If Apple Can’t Get the Basics Right, How Can you Expect Security? — “We Hacked Apple for 3 Months: Here’s What We Found”
Apple cannot get the basics right.
Apple T2 Chip: Unfixable Security Flaw that Gives Attacker Full Control
But security is among the most difficult challenges of software development—far more difficult than ordinary features.
We Hacked Apple for 3 Months: Here’s What We Found
Between the period of July 6th to October 6th myself, Brett Buerhaus, Ben Sadeghipour, Samuel Erb, and Tanner Barnes worked together and hacked on the Apple bug bounty program.
- Sam Curry (@samwcyo)
- Brett Buerhaus (@bbuerhaus)
- Ben Sadeghipour (@nahamsec)
- Samuel Erb (@erbbysam)
- Tanner Barnes (@_StaticFlow_)
During our engagement, we found a variety of vulnerabilities in core portions of their infrastructure that would've allowed an attacker to fully compromise both customer and employee applications, launch a worm capable of automatically taking over a victim's iCloud account, retrieve source code for internal Apple projects, fully compromise an industrial control warehouse software used by Apple, and take over the sessions of Apple employees with the capability of accessing management tools and sensitive resources.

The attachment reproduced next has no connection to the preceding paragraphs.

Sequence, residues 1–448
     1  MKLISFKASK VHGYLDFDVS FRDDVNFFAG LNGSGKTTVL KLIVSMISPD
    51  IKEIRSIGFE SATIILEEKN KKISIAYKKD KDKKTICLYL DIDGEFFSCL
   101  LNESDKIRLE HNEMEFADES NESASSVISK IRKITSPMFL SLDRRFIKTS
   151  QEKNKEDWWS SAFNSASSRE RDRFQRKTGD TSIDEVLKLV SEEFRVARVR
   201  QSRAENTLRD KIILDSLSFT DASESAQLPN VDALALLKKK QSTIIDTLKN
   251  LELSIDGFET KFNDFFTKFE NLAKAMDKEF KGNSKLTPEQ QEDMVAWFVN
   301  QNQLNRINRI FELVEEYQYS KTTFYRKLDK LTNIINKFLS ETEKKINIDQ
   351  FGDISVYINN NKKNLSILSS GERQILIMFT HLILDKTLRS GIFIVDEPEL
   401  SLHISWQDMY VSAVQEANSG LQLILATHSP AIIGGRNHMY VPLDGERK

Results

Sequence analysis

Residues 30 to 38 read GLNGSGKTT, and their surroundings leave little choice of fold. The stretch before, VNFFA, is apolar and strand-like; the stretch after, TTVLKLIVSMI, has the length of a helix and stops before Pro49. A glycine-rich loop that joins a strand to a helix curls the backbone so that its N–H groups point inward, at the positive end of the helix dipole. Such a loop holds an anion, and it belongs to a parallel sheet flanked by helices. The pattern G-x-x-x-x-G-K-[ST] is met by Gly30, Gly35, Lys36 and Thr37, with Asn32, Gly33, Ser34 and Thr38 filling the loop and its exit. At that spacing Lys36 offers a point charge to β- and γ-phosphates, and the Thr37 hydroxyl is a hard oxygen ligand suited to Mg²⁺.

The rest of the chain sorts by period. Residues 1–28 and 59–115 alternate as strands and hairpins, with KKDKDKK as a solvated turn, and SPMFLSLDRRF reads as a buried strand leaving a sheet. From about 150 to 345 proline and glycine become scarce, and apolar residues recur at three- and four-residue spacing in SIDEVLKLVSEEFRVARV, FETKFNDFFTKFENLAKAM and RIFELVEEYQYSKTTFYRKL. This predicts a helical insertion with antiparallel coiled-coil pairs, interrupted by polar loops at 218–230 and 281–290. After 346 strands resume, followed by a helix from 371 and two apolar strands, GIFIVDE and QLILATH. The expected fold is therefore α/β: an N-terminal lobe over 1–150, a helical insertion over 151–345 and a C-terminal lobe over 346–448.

There were a total of 55 vulnerabilities discovered with 11 critical severity, 29 high severity, 13 medium severity, and 2 low severity reports. These severities were assessed by us for summarization purposes and are dependent on a mix of CVSS and our understanding of the business related impact.
As of October 6th, 2020, the vast majority of these findings have been fixed and credited. They were typically remediated within 1-2 business days (with some being fixed in as little as 4-6 hours).
MPG: should give anyone pause. Then consider state actors.